"There," he thought, sinking back in the tonneau. "I said 'old man'. Singular case, and that lets Siddons out rather neatly. Hum. I'll bet a cookie he knows more about flying than I do—or anyone else, for that matter. Well, we'll see. I wonder what sort of outfit Buzz drew."
Lieutenant "Buzz" Larkin was closer to McGee than any person in the world. Close bonds of friendship had been formed while they were in training in Cadet Brigade Headquarters, at Hastings, England. During their months of service together in the Royal Air Force, on exceedingly hot fronts, those bonds of friendship had become bands of steel, holding them together almost as firmly as blood ties. Both were Americans, but the motives back of their entrance into the R.F.C. were as widely divergent as possible. Larkin, the son of a wealthy manufacturer, had never disclosed the real reason for his entrance into a foreign service. Perhaps he sought adventure. McGee, however, made no secret of the motives back of his entrance. When word reached him that his brother had been killed while doing observation work in a captive balloon, young McGee, not yet eighteen, employed a trick (which he thought justified) to gain entrance to the Air Force. He felt that he must carry on an unfinished work, and few will find fault with him if his actions were motivated by a slight spirit of revenge. After all, blood is thicker than water.
Whatever the motives of the two youths, once in the uniform of cadet flyers, the spirit of service seized them. Side by side, encouraging, entreating, helping and driving one another they plugged through their training with their eyes fixed upon the coveted reward of every air service cadet—a pair of silvered wings!
Together they had won their wings; together they had gone to the front; together they had gone out on patrol, high above the lines, and met the enemy. Thereafter, the fortune of one was the fortune of both. Each had saved the other's life, the culminating tie in their friendship, if indeed their friendship needed any further tie.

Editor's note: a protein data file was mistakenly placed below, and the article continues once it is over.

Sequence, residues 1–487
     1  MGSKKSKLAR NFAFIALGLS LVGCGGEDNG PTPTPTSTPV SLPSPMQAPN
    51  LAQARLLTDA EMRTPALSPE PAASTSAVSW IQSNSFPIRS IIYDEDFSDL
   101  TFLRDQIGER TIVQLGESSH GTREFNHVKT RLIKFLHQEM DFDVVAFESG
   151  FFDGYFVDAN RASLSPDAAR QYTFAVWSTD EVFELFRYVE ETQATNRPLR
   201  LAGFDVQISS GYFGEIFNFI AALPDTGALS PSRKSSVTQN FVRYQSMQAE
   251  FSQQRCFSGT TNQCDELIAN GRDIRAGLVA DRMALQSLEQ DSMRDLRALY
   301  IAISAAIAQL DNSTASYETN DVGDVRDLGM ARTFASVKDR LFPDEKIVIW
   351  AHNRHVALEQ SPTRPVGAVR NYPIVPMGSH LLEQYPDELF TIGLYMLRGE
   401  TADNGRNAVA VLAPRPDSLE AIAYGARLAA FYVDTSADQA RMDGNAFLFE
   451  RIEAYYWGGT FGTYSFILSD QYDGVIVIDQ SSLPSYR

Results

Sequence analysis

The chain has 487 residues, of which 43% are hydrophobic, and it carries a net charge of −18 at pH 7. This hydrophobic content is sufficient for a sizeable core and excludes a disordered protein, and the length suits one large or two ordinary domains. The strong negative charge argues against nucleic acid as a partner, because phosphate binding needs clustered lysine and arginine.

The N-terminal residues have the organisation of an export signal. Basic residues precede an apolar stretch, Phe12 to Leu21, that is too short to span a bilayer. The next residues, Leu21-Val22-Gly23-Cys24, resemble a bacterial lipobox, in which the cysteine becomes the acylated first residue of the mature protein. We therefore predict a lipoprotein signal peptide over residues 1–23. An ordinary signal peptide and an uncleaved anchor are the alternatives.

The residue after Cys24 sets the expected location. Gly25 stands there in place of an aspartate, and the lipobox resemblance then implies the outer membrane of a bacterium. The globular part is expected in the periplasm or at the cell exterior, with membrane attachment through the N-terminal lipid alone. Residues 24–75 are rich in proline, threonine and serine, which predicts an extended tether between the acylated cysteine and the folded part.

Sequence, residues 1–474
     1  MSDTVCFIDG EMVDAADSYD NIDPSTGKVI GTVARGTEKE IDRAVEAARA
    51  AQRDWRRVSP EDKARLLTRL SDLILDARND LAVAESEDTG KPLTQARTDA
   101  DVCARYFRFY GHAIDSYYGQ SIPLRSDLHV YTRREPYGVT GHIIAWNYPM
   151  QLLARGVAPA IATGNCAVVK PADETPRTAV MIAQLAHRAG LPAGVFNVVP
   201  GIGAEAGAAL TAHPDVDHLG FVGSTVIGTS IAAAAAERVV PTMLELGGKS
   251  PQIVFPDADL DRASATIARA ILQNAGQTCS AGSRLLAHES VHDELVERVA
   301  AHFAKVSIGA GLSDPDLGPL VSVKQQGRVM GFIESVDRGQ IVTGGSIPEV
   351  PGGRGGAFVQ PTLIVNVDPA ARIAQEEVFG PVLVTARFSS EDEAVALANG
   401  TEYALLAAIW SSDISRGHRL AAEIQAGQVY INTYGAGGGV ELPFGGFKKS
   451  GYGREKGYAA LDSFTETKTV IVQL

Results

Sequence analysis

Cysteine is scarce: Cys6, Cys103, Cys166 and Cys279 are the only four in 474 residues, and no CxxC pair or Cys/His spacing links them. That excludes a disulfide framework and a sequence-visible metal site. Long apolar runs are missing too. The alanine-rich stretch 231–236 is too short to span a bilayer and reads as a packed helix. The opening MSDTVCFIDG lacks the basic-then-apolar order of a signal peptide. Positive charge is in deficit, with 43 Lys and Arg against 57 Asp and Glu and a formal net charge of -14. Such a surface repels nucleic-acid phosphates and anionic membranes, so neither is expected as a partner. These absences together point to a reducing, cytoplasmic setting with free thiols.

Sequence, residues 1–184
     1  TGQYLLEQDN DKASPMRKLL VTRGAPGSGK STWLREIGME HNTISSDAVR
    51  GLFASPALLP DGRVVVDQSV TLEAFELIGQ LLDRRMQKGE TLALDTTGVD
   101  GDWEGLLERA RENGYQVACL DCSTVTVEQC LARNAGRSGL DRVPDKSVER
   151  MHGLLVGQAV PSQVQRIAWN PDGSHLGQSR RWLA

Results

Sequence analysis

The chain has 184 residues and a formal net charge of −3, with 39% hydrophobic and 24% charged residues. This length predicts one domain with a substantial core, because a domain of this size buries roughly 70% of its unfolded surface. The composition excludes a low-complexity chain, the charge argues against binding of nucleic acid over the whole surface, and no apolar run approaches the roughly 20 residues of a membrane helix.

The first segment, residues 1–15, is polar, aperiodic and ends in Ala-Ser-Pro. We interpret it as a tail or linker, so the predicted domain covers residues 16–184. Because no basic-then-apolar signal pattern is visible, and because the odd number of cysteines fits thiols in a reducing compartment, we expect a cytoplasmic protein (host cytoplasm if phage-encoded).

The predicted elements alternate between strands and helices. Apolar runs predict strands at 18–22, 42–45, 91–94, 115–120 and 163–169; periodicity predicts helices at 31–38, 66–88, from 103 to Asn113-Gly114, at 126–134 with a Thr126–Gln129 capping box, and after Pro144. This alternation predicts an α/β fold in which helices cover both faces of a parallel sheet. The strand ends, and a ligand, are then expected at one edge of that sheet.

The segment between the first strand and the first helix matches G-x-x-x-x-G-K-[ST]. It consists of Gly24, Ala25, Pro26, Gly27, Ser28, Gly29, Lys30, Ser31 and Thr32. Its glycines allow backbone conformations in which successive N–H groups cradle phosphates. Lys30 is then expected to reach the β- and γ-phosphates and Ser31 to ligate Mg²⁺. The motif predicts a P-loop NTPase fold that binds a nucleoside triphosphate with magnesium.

Both had become aces, though in combat work McGee was easily the superior. This, however, he constantly denied and was forever admiring Larkin's work. Larkin, if inferior to McGee in a dog fight, was better disciplined. He could go up in formation, keep his eye on his flight commander, obey orders, and keep his head when he saw an enemy plane. McGee, on the contrary, went as wild as a berserker the moment he laid eyes on a plane bearing the black cross. Orders were forgotten and he dived, throttle wide open, stick far forward, every thought gone from his mind but the one compelling urge to get that other plane on the inside of his ring sight. McGee had his personal faults, but he was a faultless flyer. The same may be said of Larkin, for men in aerial combat never make but one vital mistake. Those who become aces have no great faults; those with great faults become mere tallies for the aces. Now and then, of course, the grim scorer nods during the game and a fault goes unpenalized, but as a rule it can be said that a man who can become an ace may well be called a faultless flyer, for an ace is one who has rolled up a score of five victories against those whose skill was less than his own. Of course, there is the element of luck to be considered, for luck and skill must go hand in hand when youths go jousting in the clouds. But luck can only attend the skillful. With skill wanting, luck soon deserts.